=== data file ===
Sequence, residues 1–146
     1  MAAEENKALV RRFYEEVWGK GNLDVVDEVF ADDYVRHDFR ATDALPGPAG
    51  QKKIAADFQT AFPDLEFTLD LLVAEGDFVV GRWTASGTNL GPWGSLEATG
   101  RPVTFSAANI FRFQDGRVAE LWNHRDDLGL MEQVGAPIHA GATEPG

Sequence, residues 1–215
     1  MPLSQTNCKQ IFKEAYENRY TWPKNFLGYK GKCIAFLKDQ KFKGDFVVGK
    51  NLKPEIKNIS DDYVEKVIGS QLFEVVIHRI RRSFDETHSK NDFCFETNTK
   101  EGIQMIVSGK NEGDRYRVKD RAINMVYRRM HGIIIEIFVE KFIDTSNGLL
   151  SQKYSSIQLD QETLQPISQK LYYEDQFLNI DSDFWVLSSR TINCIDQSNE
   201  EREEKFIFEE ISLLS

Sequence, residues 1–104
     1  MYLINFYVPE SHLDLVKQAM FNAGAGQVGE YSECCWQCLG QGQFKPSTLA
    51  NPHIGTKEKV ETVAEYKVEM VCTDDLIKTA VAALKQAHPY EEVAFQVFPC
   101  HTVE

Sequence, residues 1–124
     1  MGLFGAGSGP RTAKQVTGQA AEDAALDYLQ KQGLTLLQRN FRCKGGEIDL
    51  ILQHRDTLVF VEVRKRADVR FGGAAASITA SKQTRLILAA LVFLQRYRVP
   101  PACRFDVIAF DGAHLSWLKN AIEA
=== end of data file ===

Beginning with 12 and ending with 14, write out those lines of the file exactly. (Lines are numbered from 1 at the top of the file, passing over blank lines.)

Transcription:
     1  MYLINFYVPE SHLDLVKQAM FNAGAGQVGE YSECCWQCLG QGQFKPSTLA
    51  NPHIGTKEKV ETVAEYKVEM VCTDDLIKTA VAALKQAHPY EEVAFQVFPC
   101  HTVE